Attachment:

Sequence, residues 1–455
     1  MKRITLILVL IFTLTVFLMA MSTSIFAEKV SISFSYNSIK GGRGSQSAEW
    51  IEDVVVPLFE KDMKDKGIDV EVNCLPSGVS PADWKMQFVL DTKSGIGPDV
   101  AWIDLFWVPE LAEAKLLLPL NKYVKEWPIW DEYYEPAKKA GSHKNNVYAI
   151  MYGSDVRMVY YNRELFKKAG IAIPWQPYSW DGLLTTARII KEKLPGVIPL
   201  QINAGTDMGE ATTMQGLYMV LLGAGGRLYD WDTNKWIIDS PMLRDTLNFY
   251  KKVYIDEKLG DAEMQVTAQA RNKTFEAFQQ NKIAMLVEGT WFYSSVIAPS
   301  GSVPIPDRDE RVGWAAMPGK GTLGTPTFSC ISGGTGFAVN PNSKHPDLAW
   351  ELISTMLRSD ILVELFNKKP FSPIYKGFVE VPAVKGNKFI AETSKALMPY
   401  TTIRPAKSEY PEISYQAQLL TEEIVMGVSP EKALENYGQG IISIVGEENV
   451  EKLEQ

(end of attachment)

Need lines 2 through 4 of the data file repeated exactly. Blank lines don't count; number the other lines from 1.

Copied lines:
     1  MKRITLILVL IFTLTVFLMA MSTSIFAEKV SISFSYNSIK GGRGSQSAEW
    51  IEDVVVPLFE KDMKDKGIDV EVNCLPSGVS PADWKMQFVL DTKSGIGPDV
   101  AWIDLFWVPE LAEAKLLLPL NKYVKEWPIW DEYYEPAKKA GSHKNNVYAI